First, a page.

I'm surprised to see that its proper place is right in the middle of the object clause ("us coming"), rather than either before "horen" or after "konnten."

Is this the way it always is? Is there any good way to understand this or is it just the way it is?

April 26, 2013


Well, I asked a native German friend and she said that:

Yeah, in the case of

mich/dich/sich etc. + verb

you put the negation (nicht) between mich/dich/sich/etc. and the verb

Duolingo definitely needs to talk about this at some point.

May 8, 2013


Thank you!!!

June 17, 2014

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Well, I am still confused. To me, the suggested order makes it very unclear which verb is being negated: konnte or kommen. While hearing someone not coming is hardly an option, I could easily think of English examples where the difference becomes crucial:
"They could not see us running" (we ran, but they could not see us) vs. "They could see us not running" (we were not running, and they could see that).
How would you express this distinction in German if the position of "nicht" is fixed?

June 9, 2019


I'm wondering, too. I can understand "nicht" being where it is, because I think that "nicht" needs to be either following or before a verb, and here it is clearly before "kommen hören." But like rkaup, I also don't understand why it can't follow "konnten." I have seen sentences where it is fine to do that such as "Ich konnte nicht zu Ihnen gelangen."

May 7, 2013


The problem I'm having here is that I keep forgetting whether it's konnen or konnten. Konnen is marked wrong here.

May 7, 2013


"Können" means "can" and "konnten" means "could": Ich kann dich sehen-I CAN see you Ich konnte dich sehen-I COULD see you Hope that helped :)

April 18, 2014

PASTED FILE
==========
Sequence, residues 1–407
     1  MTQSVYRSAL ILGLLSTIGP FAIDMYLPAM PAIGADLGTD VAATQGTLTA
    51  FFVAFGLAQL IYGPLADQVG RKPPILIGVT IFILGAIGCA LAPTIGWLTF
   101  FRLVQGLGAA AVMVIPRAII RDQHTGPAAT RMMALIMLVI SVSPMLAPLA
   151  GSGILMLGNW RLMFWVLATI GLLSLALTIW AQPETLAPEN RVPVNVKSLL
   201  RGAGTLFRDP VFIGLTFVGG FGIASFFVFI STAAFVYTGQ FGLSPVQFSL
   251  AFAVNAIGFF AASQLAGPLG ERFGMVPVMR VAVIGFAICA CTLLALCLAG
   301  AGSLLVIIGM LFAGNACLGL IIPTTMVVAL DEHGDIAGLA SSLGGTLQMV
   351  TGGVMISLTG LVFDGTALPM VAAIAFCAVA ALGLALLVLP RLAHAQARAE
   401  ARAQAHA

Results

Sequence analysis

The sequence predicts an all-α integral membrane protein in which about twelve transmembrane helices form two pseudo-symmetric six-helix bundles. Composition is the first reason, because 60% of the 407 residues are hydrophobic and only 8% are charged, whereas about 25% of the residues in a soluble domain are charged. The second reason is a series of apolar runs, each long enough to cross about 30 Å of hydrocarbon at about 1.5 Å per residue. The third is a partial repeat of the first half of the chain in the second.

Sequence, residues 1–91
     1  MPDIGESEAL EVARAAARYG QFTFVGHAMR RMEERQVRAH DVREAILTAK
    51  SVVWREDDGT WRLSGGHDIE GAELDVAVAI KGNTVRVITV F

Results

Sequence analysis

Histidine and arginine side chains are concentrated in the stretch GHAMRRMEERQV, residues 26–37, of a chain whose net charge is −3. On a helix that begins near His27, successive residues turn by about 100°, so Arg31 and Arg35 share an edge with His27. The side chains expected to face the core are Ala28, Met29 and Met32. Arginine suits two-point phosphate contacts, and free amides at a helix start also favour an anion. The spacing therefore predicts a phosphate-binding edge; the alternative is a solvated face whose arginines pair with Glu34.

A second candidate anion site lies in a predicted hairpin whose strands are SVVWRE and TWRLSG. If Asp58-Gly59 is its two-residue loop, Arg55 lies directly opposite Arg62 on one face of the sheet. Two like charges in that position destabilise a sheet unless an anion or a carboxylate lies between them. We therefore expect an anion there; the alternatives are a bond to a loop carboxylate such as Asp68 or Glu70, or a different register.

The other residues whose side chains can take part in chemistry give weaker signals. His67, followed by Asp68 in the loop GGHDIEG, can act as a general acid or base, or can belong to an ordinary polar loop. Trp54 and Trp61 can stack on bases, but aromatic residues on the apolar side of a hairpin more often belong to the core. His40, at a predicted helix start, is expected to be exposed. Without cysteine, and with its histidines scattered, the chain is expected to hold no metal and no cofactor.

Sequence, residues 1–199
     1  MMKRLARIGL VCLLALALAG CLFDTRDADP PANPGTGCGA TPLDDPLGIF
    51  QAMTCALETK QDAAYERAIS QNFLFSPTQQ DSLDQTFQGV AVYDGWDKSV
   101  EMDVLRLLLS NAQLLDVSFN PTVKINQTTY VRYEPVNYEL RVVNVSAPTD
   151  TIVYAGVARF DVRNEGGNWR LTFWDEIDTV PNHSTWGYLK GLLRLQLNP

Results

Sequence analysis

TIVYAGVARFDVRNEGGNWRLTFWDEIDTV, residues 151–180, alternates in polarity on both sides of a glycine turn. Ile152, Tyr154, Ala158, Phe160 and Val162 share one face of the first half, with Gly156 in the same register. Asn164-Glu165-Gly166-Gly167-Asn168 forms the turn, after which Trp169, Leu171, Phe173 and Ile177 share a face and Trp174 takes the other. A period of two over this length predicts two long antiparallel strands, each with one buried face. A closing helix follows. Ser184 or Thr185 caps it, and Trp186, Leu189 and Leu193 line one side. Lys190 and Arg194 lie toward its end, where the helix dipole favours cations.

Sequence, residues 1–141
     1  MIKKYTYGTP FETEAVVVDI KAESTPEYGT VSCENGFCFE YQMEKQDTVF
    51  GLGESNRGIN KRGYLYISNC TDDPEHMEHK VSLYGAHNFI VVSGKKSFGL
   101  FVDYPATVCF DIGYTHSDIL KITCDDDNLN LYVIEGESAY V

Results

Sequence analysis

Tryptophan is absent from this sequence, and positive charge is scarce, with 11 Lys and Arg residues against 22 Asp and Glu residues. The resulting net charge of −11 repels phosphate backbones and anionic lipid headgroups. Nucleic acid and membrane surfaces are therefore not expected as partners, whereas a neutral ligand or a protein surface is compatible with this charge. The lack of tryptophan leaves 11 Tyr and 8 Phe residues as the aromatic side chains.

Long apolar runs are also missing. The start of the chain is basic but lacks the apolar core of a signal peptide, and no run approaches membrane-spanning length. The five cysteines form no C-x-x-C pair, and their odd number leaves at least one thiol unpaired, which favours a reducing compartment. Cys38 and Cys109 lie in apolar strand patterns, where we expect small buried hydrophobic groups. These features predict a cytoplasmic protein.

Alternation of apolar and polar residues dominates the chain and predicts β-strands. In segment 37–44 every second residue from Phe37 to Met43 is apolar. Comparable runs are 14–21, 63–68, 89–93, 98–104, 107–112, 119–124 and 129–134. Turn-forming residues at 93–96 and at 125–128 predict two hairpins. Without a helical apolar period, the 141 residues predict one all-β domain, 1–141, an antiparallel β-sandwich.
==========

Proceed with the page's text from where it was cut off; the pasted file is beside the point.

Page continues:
Ok, I'm no expert, but isn't konnten - could & konnen - can? I'm pretty sure that is what we've been taught but I could be wrong.

December 21, 2013


The sentence looks weird. Perhaps in English we would say "They could not hear us coming." but in German more often "Sie konnten nicht hoeren dass wir kommen." or something else, but not the EXACT translation? Natives?

October 17, 2015


I'm not a native, but fluent. The sentence is correct and quite normal. Your suggestion "Sie konnten nicht hoeren dass wir kommen." is not quite the same. It is not as immediate in terms of referring to audibly perceiving the actual sounds of people coming into the room or whatever.

Some people are having difficulty with könnten and konnten. The first is conditional, the second is past tense. We often say "could" for the past tense in English, but to be clear, the translation of konnten is better understood as "were able to ".

In the modal structures, "nicht" always comes before the infinitive verb or verbs, as in this case, which is (are) always at the end of the sentence. Thus, "Sie konnten uns nicht hören" oder "Sie konnten uns nicht kommen hören"

November 3, 2015


So I followed the following link regarding the placement of "nicht" on another thread - http://www.canoo.net/services/OnlineGrammar/Satz/Negation/Stellung/nichtkontrast.html?lang=en

Is "nicht" placed where it is in this case because "nicht" must appear directly before both the infinitives?

March 13, 2016


A bit like Eric Morecombe "I got all the right notes, just in the wrong order" Everyone in this thread happily talks about 'kommen hören' and I got it wrong by using 'hören kommen' Is there a rule or guide that would tell me which verb to use first?

March 19, 2019


I was hoping for some guidance on that as well!

April 6, 2019